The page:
One of my favorite cartoons in childhood was Tom and Jerry. That cat and mouse worked hard to outwit each other at every turn. In the later years, the ones that were broadcast when I was in upper elementary school, suddenly had Tom and Jerry as friends, working together to accomplish something, but with conflict along the way. I never cared for the new format, because I could never buy into it. In the older episodes, Tom and Jerry would cooperate on occasion, if it was in their interest, but never for very long. It was much more fun to watch them chase each other around the house, devising traps for each other. And besides, I knew the history of these two critters, how had they suddenly become friends? It just didn't make any sense to me.
I guess David and Saul's relationship reminds me a bit of Tom and Jerry. I don't think David was trying to outwit Saul, as much as he was trying to prove that he would never harm his king. David again spares Saul's life, to Abishai's great frustration and dismay, and to Abner's embarrassment. Saul, even though David had a chance to kill him before and didn't, still pursues David. Saul himself decides to embark on this endeavor to capture David. It would seem from the last time we saw this scenario, that all would have been well between David and Saul. But Saul did not invite David back to the palace, and David did not leave his wilderness living. After a second time of showing mercy on Saul, David pleads with Saul to tell him what he has done to deserve such treatment. David wished he could have at least had a reason. But a godly man and an ungodly man living in the same residence is like a cat and mouse trying to live peacefully together. How could Saul tell David what he did wrong, unless he were to admit he was less of a man? That he wanted to live his life his way and not be reminded by this godly lad what God would prefer. Just David's presence would be a constant reminder to Saul.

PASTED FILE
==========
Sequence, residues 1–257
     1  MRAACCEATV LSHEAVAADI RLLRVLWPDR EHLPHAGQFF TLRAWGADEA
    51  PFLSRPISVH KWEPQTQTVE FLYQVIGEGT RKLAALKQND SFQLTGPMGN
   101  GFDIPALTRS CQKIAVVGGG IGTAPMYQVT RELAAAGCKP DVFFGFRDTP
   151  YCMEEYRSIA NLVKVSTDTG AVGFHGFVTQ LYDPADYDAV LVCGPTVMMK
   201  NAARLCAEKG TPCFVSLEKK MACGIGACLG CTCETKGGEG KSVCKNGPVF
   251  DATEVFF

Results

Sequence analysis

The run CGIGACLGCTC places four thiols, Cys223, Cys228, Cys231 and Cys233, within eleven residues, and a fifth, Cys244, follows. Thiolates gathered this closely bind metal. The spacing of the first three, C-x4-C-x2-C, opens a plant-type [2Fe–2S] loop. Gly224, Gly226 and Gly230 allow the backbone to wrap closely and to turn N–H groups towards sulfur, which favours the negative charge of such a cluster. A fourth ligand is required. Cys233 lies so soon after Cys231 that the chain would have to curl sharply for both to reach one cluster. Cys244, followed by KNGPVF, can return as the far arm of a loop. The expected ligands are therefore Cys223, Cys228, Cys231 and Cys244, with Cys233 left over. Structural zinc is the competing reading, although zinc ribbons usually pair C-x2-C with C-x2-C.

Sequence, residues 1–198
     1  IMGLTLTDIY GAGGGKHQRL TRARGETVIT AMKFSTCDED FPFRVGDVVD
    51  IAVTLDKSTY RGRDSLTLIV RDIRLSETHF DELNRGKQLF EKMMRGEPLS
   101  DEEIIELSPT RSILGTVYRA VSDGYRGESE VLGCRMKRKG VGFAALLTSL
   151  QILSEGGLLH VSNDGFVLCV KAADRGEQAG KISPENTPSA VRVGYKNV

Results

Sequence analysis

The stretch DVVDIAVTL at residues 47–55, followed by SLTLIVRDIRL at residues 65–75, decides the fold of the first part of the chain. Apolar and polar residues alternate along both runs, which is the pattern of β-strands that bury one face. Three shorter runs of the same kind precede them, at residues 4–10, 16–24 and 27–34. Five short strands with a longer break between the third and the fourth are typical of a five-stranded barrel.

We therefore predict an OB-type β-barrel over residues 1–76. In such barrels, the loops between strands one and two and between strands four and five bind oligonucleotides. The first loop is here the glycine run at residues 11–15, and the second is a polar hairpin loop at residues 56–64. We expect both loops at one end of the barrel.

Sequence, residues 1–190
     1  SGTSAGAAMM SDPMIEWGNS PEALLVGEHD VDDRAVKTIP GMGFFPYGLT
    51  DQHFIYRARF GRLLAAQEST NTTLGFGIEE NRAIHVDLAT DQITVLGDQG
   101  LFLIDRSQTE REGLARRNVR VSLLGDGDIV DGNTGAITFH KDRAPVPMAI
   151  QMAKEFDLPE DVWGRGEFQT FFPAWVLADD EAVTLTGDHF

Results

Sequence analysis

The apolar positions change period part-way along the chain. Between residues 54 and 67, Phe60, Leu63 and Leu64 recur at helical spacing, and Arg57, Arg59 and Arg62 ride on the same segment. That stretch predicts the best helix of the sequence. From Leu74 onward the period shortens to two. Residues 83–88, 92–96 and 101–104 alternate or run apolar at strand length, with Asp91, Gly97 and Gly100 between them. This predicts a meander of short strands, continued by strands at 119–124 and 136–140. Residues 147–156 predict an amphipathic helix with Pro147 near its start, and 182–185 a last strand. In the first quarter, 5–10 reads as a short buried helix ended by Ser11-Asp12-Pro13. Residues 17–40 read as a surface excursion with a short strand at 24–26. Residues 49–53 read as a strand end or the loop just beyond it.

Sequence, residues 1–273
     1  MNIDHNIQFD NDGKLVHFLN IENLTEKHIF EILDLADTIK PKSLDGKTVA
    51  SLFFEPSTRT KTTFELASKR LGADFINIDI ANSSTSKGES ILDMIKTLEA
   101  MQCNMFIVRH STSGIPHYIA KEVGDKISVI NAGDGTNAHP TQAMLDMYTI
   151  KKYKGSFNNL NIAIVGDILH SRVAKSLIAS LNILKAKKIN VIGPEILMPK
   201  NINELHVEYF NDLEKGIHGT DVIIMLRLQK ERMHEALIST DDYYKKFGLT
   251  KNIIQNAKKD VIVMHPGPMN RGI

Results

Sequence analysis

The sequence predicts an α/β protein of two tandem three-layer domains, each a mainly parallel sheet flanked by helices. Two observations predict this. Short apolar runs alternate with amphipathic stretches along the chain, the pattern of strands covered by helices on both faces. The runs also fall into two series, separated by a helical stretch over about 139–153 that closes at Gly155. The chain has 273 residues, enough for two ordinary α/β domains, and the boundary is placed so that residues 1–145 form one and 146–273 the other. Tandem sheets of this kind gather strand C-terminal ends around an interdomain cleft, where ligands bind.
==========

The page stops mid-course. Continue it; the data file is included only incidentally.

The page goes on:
|David prevents Saul from being killed--Taken from Standard Bible Readers, Book Four|
By Lillie A. Faris, Illustrated by O.A. Stemler and Bess Bruce Cleaveland
The Standard Publishing Company, 1927
It seems sad that Saul (like Tom cat) could not be trusted. He could put on the smile, recite the forgiveness speech and pretend he wanted David back, but only to destroy him, not to fellowship with him. David (like Jerry mouse) continually had to judge these speeches, sidestep the traps and live waiting for the next cat chase. Not the life for me. But really, my relationship with the devil is the same. Satan is Tom cat trying to win me over with sweet words while keeping his carefully laid trap covered, hoping I will not discover it before I step in. If I am as savvy as Jerry mouse, I will look past the grand speeches and instinctively know about the trap he has devised for me. Satan and I cannot, and can never be friends. His only motive for winning me over is to have me for lunch. If I ever believe anything else, I will have bought into those later episodes of Tom and Jerry.